1-4. DISCUSSION. Aircraft icing remains a key aviation safety issue. Accident data has shown that pilots are (intentionally or inadvertently) flying aircraft not certificated for flight in icing conditions into such conditions, often with fatal results. Additionally, several accidents have involved aircraft that are certificated for flight in icing conditions. Such accidents are often the result of pilot complacency, lack of situational awareness (e.g., lack of awareness of loss of airspeed), poor technique, poor understanding of the airplane’s limitations and performance in icing conditions, misconceptions about certification of the airplane and systems for flight in icing, or a misunderstanding of icing terminology.
a. Certification. Pilots must determine if the aircraft to be flown is certificated for flight in icing conditions. An aircraft that is certificated for instrument flight rules (IFR) is not necessarily certificated for flight in icing conditions. To determine whether an aircraft is certificated for flight in icing conditions, the AFM or specific POH must be consulted. It is imperative that the pilot ensure the aircraft is certificated to fly in icing conditions and that the appropriate deicing/anti-icing equipment is installed and operational prior to operating in icing conditions. It is also critical that the pilot understand and comply with the applicable limitations and procedures when operating in icing conditions.
b. Flight Planning. If an aircraft is not certificated for flight in icing conditions, each flight should be planned carefully so that icing conditions are avoided. During a flight, the pilots should monitor available weather information (see Chapter 5, Icing Operations, on in-flight operations) and be aware of conditions that might require a change of flight plan to avoid icing conditions. In the event of an inadvertent icing encounter, the pilot should take appropriate action to exit the conditions immediately, coordinating with ATC as necessary, and declaring an emergency. In a recent study (American Institute of Aeronautics and Astronautics (AIAA) 200682, “A Study of U.S. Inflight Icing Accidents and Incidents, 1978 to 2002”), conflicts with ATC were common when pilots take action to exit icing conditions after an inadvertent icing encounter. Very often, this was because the pilot deviated from an IFR clearance and failed to declare an emergency or otherwise clarify the situation with the controller. In a subset of these cases, the controller actually offered to declare an emergency for the pilot, but the pilot declined. In another subset, the frequency was too busy for communications, often because the controller was overwhelmed with traffic. A number of pilots expected an immediate response from ATC when they reported difficulties after encountering ice and expected a blanket clearance to escape icing without first declaring a state of emergency. In many cases, such assumptions proved to be not only false, but fatal.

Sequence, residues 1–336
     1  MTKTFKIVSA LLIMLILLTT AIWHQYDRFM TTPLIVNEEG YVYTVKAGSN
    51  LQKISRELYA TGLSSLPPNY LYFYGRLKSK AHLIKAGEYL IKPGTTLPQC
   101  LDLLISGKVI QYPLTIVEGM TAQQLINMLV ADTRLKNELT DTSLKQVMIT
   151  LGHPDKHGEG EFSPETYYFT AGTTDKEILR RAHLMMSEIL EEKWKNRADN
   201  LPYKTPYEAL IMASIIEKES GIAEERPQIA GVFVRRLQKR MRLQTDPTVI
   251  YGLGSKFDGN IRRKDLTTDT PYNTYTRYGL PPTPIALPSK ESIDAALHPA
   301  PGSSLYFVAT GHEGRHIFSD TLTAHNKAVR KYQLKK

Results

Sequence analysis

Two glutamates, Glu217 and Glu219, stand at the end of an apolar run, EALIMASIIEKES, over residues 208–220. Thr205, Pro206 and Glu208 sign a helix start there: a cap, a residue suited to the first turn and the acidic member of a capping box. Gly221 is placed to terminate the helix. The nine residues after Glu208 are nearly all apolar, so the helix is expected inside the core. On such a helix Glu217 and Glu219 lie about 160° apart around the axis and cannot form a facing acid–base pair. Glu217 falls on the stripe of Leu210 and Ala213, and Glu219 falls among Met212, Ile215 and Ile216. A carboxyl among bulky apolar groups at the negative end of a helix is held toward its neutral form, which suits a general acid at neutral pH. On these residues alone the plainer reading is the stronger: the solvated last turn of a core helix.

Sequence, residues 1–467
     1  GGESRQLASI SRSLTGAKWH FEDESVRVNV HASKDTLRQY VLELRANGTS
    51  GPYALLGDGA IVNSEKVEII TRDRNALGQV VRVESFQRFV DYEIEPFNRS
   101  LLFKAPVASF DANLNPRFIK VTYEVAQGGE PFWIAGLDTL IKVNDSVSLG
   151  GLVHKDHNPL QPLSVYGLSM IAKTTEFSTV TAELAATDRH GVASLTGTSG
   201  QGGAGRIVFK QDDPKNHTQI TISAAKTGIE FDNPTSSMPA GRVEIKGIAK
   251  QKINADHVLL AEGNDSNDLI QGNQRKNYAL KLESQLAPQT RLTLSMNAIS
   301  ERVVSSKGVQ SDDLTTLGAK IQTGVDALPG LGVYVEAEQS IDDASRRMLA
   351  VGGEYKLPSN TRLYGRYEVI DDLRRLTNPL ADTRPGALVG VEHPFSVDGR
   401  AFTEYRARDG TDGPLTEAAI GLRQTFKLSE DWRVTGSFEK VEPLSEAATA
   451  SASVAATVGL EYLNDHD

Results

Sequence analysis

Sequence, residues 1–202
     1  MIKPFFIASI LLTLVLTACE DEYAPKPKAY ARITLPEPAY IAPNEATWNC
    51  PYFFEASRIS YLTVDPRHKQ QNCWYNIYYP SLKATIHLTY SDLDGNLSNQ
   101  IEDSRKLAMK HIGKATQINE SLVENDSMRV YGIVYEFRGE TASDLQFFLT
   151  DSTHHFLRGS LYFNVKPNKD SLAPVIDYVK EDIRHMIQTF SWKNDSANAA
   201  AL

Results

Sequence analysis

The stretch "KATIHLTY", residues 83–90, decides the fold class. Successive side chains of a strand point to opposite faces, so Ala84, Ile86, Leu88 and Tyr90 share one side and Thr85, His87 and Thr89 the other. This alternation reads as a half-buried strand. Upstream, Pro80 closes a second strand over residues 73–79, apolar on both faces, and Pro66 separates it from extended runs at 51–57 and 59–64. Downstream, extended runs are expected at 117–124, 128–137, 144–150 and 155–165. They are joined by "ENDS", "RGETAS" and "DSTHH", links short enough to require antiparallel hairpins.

c. Engine Upsets. This AC also includes information about a recently identified icing threat, high-altitude ice crystal ingestion into turbine engines. Turbine engine upsets have occurred from ice accreting within the engine at altitudes up to 42,000 feet and temperatures colder than -45 °C (-50 °F). These high-altitude ice crystals in large concentrations, typically found near convective weather systems, do not accrete on external airframe surfaces and may not be visible on current-technology airborne radar systems.
d. Pilot Certification. Many pilots of aircraft certificated to operate in icing conditions have had numerous icing encounters in which the aircraft systems coped effectively with the icing conditions, despite a substantial ice buildup in some cases. However, a pilot should not relax his or her vigilance in icing conditions because of such experiences. A thin ice accretion on critical surfaces that develops in a matter of minutes can have dramatic effects on stall speeds, stability, and control. Wind tunnel testing indicates that if such accretions are particularly rough, they can have more adverse effects than larger accretions that are relatively smooth.
1 It is expected that deicing or anti-icing systems will be activated and operated continuously in the automatic mode, if available, at the first sign of ice accumulation, or as directed in the AFM. Occasional and frequent cycling refers to manually activated systems.
2 These rates can be measured by a suitable icing rate meter.
3 It is assumed that the aircraft is approved to fly in the cited icing conditions. Otherwise, immediate exit from any of these intensity categories is required by regulations (14 CFR part 91 §§ 91.13(a) and 91.527, part 121 § 121.341, part 125 § 125.221, and part 135 § 135.227).
4 See footnote 2.
5 See footnote 3.
6 See footnote number 2.
7 Severe icing is aircraft dependent, as are the other categories of icing intensity. Severe icing may occur at any ice accumulation rate when the icing rate or ice accumulations exceed the tolerance of the aircraft.